Prescription Fish Oil – BewarePosted: November 15, 2010
Big Pharma is going natural with big dollar signs in its eyes. With the exploding popularity of all things natural, this market was simply too big and potentially profitable for drug companies to pass up. But there’s one problem — most natural products are naturally inexpensive. The solution: Tweak a molecule, create a synthetic version, patent it and charge a high price — as it turns out, however, this may hurt patients in ways other than just denting their wallets.
For example, we have the “prescriptionization” of fish oil. Fish oil contains the two omega-3 fatty acids — EPA (eicosapentaenoic acid) and DHA (docosahexaenoic acid) — that studies show reduce the blood fats called triglycerides and provide a variety of heart benefits. Lovaza is a potent version of fish oil that has been chemically manipulated by GlaxoSmithKline, which markets it as a prescription drug treatment for profoundly high levels of triglycerides. That’s fine, and it can be beneficial to those rare individuals whose triglycerides soar over 500 mg/dL, but I learned from Daily Health News contributing editor Andrew L. Rubman, ND, that Lovaza is now being widely prescribed “for every condition that might be helped by taking the real stuff — with no scientific proof whatsoever that doing so is either safe or effective!”
Dr. Rubman said that only a very few people need this expensive prescription version of fish oil — the rest of us are far better off staying with the real thing.
There is no question that fish oil has cardiovascular benefits. In addition to moderating triglycerides, evidence demonstrates that it lowers blood pressure, slows the buildup of atherosclerotic plaque and reduces heart attack risk. For people with heart disease, the American Heart Association recommends consuming one gram of combined EPA and DHA, preferably from eating fish, but says it’s fine to get it from a supplement. For people with high triglycerides (200 to 499 mg/dL), the AHA recommends taking two to four grams of combined EPA and DHA daily, in capsule form, under your physician’s care.
Isn’t Lovaza just a powerful way to get fish oil? You might think so — but you’d be wrong, said Dr. Rubman, noting that there’s little difference in the beneficial components you get from over-the-counter (OTC) fish oil versus Lovaza — and the pricy, prescription version is also potentially harmful. We did a side-by-side comparison…
- Lovaza is no purer than reputable fish oil. A recent Consumer Reports comparison tested virtually all commercially available fish oil supplements, verifying that none contained significant levels of mercury, PCBs or dioxins. Purity was a selling point of the synthetic Lovaza, notes Dr. Rubman: “These supposed ‘contaminants’ have been used to sway the public in favor of the drug over fish oil,” he explained. While this used to be an issue, it’s no longer anywhere near as relevant.
- Lovaza is way more expensive. While there’s no difference in the quality of the ingredients in OTC fish oil supplements and Lovaza, there’s a huge difference to your pocketbook. Lovaza is expensive. Depending on where you fill your prescription and assuming that you take the typical dose of about four capsules daily (840 mg of EPA/DHA are in each one-gram capsule), an average one-month prescription could cost you as much as $315… versus less than $10 for an OTC fish oil supplement.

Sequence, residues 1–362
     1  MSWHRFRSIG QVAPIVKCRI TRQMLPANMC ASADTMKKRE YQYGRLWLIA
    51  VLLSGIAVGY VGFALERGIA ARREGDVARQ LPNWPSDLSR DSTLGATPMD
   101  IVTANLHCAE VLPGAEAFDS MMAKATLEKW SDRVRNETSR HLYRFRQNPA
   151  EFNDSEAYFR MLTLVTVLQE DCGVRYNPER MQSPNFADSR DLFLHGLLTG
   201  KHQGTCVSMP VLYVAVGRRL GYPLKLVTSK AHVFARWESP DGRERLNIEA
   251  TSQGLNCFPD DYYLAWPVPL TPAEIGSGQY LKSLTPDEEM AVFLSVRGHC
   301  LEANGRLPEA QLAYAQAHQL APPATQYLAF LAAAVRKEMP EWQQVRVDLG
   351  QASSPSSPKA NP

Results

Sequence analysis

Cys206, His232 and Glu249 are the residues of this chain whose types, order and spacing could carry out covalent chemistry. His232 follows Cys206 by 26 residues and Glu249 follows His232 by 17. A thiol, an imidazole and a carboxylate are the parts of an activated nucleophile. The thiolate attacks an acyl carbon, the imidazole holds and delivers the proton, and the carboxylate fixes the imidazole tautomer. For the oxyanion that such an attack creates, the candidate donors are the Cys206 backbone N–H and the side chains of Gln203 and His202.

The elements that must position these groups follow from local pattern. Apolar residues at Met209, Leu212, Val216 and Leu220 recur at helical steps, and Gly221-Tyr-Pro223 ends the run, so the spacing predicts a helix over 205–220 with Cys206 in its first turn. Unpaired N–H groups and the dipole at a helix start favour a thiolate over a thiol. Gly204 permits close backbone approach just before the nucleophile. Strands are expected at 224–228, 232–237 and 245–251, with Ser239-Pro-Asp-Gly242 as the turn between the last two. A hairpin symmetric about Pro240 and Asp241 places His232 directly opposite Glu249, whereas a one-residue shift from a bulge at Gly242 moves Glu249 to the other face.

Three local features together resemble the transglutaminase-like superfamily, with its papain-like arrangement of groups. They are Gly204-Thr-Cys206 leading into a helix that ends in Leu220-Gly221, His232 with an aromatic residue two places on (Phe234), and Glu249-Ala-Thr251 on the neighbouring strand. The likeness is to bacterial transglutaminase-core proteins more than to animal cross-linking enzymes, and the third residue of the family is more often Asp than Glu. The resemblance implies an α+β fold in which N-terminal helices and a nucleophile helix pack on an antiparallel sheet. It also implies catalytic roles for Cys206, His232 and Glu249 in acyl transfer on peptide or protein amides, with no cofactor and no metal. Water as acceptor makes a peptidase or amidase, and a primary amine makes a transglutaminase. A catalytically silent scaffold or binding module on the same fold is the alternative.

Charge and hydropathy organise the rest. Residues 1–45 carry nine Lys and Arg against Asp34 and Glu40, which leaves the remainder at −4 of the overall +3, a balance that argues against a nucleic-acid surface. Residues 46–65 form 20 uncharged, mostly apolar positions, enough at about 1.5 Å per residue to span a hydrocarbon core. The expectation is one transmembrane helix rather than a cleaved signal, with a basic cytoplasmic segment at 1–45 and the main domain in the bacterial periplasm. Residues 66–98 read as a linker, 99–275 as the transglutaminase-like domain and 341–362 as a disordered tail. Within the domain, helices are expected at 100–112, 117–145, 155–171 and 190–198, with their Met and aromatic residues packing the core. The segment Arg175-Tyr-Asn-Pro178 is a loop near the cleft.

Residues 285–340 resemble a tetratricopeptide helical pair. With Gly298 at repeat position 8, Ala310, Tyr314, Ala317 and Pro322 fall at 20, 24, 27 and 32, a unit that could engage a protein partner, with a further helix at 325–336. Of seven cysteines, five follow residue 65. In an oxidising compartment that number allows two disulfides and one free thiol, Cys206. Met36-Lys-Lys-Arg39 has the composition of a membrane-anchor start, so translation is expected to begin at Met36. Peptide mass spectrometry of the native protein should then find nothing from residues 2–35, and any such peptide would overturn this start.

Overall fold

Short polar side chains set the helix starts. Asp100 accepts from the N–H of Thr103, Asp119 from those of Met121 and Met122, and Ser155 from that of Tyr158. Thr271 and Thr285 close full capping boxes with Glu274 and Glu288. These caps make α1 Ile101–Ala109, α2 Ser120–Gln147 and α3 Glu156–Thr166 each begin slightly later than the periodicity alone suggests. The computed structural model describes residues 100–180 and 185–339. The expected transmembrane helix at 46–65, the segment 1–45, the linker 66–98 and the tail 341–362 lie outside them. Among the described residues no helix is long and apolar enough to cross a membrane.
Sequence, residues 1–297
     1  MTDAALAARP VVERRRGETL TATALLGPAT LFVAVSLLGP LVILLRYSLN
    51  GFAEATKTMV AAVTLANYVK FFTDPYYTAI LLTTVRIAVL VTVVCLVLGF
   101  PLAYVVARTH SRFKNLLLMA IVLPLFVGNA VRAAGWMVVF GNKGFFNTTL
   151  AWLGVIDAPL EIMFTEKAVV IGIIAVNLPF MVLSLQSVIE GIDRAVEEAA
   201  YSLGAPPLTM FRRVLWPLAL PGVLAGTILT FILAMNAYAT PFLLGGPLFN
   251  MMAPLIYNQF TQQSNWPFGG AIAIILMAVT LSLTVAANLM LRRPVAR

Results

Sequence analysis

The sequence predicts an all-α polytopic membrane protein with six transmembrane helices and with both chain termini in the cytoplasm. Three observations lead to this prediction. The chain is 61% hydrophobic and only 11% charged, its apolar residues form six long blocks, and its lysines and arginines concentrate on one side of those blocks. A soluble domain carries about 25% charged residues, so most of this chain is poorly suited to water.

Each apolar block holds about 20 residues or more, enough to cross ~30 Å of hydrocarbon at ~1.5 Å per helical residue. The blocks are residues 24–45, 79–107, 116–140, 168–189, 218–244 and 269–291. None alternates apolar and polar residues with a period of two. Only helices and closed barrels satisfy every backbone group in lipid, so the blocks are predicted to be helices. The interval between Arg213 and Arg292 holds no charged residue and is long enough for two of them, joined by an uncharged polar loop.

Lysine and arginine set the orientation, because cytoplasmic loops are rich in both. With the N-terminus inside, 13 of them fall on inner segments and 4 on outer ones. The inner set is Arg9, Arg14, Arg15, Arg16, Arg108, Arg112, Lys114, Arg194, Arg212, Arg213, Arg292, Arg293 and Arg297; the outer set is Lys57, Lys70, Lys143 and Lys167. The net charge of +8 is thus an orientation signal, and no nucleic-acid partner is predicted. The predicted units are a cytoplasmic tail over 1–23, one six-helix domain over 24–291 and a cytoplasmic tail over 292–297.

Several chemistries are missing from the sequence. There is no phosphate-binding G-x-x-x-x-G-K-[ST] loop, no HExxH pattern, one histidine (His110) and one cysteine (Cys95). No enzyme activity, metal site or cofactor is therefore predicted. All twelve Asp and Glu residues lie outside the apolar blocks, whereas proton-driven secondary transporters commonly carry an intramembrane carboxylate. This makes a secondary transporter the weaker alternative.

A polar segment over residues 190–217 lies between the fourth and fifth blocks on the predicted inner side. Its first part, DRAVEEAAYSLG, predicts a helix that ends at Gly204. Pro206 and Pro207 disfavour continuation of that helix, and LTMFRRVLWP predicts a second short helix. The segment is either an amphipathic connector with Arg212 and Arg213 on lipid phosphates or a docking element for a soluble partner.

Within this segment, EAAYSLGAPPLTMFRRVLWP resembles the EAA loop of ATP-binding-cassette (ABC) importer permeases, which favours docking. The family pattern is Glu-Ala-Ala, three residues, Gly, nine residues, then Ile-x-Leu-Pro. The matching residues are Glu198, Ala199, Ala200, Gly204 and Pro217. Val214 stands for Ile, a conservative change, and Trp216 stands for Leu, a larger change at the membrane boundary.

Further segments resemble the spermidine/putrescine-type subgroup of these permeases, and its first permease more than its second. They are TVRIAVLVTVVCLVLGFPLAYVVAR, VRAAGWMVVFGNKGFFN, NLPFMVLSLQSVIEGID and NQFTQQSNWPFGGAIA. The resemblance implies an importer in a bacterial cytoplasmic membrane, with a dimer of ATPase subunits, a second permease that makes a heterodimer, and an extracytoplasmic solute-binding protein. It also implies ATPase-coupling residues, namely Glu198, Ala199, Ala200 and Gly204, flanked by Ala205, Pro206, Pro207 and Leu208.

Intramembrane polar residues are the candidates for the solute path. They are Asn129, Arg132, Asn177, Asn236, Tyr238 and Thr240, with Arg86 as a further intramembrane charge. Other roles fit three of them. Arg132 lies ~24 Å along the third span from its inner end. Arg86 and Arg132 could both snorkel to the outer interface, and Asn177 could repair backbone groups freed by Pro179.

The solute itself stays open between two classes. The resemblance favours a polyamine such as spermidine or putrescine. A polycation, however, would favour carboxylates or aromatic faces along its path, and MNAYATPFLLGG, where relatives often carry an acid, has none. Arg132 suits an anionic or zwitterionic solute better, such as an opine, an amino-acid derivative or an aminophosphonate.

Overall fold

- Lovaza may be stronger than needed. Though the FDA approved Lovaza for treatment of triglycerides higher than 500 mg/dL, the truth is that even people with heart disease rarely have such high levels and require such powerful medication, observes Dr. Rubman. He pointed out that diet and nutritional modification often can bring these levels down quickly, making this medication just plain unnecessary.
- Lovaza has worrisome side effects. Even though excessive doses of fish oil, whether from the OTC kind or Lovaza, can cause side effects — especially bleeding — the additional side effects listed by the manufacturer of Lovaza are of concern. ” Lovaza is an engineered chemical, and we just don’t know how it will act long term,” said Dr. Rubman. Lovaza’s listed side effects include flulike symptoms, infections, back pain, skin rashes, burping, upset stomach and changes in taste. And then there is one more side effect that Dr. Rubman finds particularly worrisome — there have been numerous reports of unexplained extreme fatigue in patients taking Lovaza. It’s not clear why, but he speculates that it may be related to the processing that plasticizes (or, in chemical terms, “esterifies”) the oil, which essentially creates a new compound that behaves differently in the body than naturally- derived fish oil.
Netting it out: For people who have tried controlling triglycerides with nutritional and supplemental approaches but have been unable to get their exceptionally high levels under control, Lovaza might be helpful — even with its higher cost and greater risk for side effects. For the vast majority (e.g., the rest of us), OTC fish oil supplements are safe, effective and way less expensive.
When buying fish oil, look for the “USP Verified” label, which means a product has been tested by the US Pharmacopoeia for purity and potency. Consumer Reports gave two fish oil supplements their “CR Best Buy” rating: Kirkland Signature Fish Oil (from Costco) and Member’s Mark Omega-3 Fish Oil (from Sam’s Club). Dr. Rubman said that his two favorite brands are Nordic Naturals (the brand I take) and Pharmax.
Don’t be bamboozled. For the vast majority of people, OTC fish oil is just fine. Why contribute to Big Pharma’s bottom line when you could be protecting your own?
Source: Andrew L. Rubman, ND, founder and director, Southbury Clinic for Traditional Medicines, Southbury, Connecticut. www.SouthburyClinic.com.